I am working in a general ICU, 16 beds. Next to mine, there are a neuro, a cardio, a paediatric and a stroke unit. They all have roughly the same number of beds. They are all COVID dedicated now.

80 ICU bed, they say the biggest COVID ICU out of China.

Patients are mostly man, a lot of them obese, few comorbidities, > 50 yo.

They are mostly pure pulmonary, with some case of AKI and we are noticing procoagulant tendency.

Turn over is very low, we still are managing the “first wave”, and in one week only one pt was discharged in the ward.

Some of them do not make it. The majority is still intubated and ventilated, proning, using NO, using CO2 removal, very few ECMO.

We are now starting doing tracheostomies ( yesterday I did my first one.)

We are using Clorochina for 10 days, Lopinavir-Ritonavir or Remdesivir ( anti-protease), and some cases we are trying Tocilizumab ( anti IL-6). Lung US is scary, they have all B lines, and bad hepatisation of the lungs.

We are protecting ourselves with FFP3 ( N95 respirator), wearing surgical gowns, surgical gloves, hair cuff, and plastic glasses. So far, PPE are available for everybody. Sometime some boxes of FFP3 are stolen from some worker, and this is sad.

I share with you some thoughts.

1- Heros? No, thanks.
People is clapping at health care providers, calling us “Heros”. I tend to be extremely skeptical facing this manifestations.

Until yesterday legal issues were a huge problems leading to defensive medicine. I am afraid that easily things will mutate again toward that prospective.

Furthermore, I am a worker, not a “hero”. I am only doing my job and I want to be protected and find myself in the most safe environment possible.

As Italians we tend to give more credit to single Persons rather than the “Sistem”.

We tend to attribute responsibilities and glories to the individuals, rather than the team.

I think this is very big mistake and dangerous approach, especially in these days.

2- Communication
As a consequence of this individualism, we are having hard time to collect data.

The 5 different ICU barely talk to each other, and we are not homogenous in the treatment of these patients.

Lack of communication leads to the waste of huge opportunity.

3- Relationship with technology, too few: our IT service sucks.
We do not have access to data recorded, an we need to copy ( HAND MADE!) all data we want, and rewrite them on a dataset. You perfectly understand what this mean.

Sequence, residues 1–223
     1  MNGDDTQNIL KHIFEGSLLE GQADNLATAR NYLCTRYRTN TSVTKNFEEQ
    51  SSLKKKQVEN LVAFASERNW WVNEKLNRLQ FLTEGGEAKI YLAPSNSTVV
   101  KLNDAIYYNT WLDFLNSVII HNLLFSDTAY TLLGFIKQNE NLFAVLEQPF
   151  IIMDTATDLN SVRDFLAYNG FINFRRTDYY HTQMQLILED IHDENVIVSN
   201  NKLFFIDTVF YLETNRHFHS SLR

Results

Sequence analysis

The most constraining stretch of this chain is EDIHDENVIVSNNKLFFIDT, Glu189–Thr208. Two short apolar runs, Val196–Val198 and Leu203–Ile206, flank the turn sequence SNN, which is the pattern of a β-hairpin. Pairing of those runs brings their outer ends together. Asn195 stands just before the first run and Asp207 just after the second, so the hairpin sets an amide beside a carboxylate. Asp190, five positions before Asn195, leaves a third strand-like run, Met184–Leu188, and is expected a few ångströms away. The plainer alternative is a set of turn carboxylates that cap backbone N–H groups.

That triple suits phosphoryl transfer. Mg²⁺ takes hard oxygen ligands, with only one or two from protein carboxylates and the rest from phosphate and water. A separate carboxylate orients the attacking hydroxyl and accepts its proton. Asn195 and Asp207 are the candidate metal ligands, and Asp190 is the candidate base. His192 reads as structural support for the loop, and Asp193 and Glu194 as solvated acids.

4- Relationship with technology, too much: CTRL-Z.
My generation is grown with computer and screens. Following generations even more.

In every keypad there is the short cut CTRL-Z that allow us to erase the last procedure.

I feel we tend to let this shortcut into our soul, and we are increasingly less prepared to definitive decision. “Forever” is a word I tend not to use anymore. We don’t believe anymore in “forever”.

But now, it is war time over here. We are facing choices that include the concept of “forever”.

If the bed in ICU is 1, and I have 10 patients, I need to make decisions that stand forever.

I can work to add 9 more beds, but meanwhile, I need to allocate properly the resources, and to choose whoever has a chance and deserve an intensive treatment, leaving the other behind.

Furthermore, by shifting to a datafied society, in which basically all aspects of life are somehow coded, and having increasing availability to store this huge amount of data, we tend not to throw away anything, anymore.

We tend to loose the habit of choice.

And now, as a society, and physically us as intensivists, we are asked to go back to the concept of Choice, and to the concept of Forever.
Personally, these are the biggest challenges I am facing.

In the hospital there are some Cappuccin Friars walking around and giving spiritual support to both Patients and Workers.

I stopped one one them, and we talked a bit.

I asked him my questions about values of life. I cannot agree that the life of a 90 years old person has the same value of the life of a 19 years old.

It is a big big concern this, because ethical, philosophical and spiritual believes of the deep inside from anyone are challenged by reality.

I don’t have solutions so far, Literature is still on its way.

We have our questions and our heart.

This is a very big opportunity to look deeply into it, and share it with our neighbours.

Only in this way I think we will be a stronger and better society when all this will be over.

Hope you all are fine,
I will keep in touch.